Just last year, we showed you the concept i-Snake medical robot, and now a different team actually has a similar device for real: the CardioArm. This little robo-tentacle is being developed partly at Carnegie Mellon University, and is apparently the most flexible endoscope ever that follows its own camera-head in a snake-like way through your innards. Since it enters the body through a single incision, it's much less traumatic for the patient: minimally invasive surgery is clearly the way ahead.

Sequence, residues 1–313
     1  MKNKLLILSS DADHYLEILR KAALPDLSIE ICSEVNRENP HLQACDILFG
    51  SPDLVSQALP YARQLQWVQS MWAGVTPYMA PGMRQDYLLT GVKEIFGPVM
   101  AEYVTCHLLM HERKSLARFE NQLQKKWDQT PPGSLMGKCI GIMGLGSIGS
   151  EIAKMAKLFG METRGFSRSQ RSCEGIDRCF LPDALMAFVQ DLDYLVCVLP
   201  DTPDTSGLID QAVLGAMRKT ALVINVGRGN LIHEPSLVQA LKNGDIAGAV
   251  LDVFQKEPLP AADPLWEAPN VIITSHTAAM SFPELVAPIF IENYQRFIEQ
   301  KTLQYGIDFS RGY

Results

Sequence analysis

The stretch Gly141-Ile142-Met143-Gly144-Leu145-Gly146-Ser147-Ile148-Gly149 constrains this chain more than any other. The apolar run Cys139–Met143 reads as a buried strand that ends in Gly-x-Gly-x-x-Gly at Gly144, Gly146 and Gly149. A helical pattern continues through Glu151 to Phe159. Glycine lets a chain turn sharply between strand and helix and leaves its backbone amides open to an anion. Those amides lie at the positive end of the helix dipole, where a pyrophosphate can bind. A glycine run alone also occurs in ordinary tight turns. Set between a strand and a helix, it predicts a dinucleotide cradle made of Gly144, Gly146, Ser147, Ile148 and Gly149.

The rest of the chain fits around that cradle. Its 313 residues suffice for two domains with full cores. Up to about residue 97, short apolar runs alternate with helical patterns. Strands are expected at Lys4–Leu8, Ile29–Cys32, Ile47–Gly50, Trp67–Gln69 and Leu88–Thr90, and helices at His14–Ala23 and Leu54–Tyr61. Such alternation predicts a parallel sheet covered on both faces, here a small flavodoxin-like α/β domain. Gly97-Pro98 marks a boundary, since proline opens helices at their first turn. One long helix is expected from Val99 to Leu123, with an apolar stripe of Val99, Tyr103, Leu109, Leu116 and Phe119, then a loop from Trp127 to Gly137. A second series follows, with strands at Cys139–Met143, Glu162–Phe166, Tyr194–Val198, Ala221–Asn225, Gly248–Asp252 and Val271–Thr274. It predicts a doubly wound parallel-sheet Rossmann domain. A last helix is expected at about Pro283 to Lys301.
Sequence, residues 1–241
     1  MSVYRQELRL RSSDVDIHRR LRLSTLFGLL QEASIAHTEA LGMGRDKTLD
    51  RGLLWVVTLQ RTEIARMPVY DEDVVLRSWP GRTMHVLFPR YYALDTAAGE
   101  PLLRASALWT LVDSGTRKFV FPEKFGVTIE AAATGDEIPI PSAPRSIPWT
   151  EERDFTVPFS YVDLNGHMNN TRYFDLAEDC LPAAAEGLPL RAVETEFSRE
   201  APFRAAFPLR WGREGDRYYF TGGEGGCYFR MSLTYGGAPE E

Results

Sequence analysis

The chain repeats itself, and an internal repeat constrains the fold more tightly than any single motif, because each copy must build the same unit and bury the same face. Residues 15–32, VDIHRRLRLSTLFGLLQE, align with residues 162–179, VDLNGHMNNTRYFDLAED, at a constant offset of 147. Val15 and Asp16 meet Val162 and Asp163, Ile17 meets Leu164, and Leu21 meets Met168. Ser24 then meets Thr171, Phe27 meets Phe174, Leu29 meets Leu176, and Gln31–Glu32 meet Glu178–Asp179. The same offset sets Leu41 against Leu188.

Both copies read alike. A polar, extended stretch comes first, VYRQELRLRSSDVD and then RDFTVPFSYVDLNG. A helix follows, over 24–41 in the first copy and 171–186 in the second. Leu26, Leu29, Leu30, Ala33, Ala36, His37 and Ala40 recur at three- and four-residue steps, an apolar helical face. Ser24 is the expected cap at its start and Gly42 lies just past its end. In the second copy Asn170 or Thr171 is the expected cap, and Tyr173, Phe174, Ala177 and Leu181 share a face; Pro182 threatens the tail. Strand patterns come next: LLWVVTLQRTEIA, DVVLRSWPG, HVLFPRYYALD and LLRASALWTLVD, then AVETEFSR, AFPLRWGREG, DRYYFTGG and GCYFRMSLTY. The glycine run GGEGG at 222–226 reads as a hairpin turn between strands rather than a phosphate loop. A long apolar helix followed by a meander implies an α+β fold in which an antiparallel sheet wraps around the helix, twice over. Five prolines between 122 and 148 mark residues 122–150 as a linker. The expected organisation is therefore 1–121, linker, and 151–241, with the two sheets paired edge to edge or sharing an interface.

Its snake/tentacle body is designed to perform cardiac surgery without damaging other tissue on the way in to its destination. Currently their smallest prototype is 12 inches long and just 0.47 across, with 102 degrees of freedom and is joystick-steered by a surgeon. Successful cardiovascular operations have been carried out using CardioArm on cadavers and pigs, and more extensive human trials are upcoming.

It's a technology suited to many different surgeries, but not until it's a tad smaller: ultimately the team plan to miniaturize it to the point that it can get in via a vein. That's sending the biggest shivers down my spine, I can tell you. [TechnologyReview via MedGadget]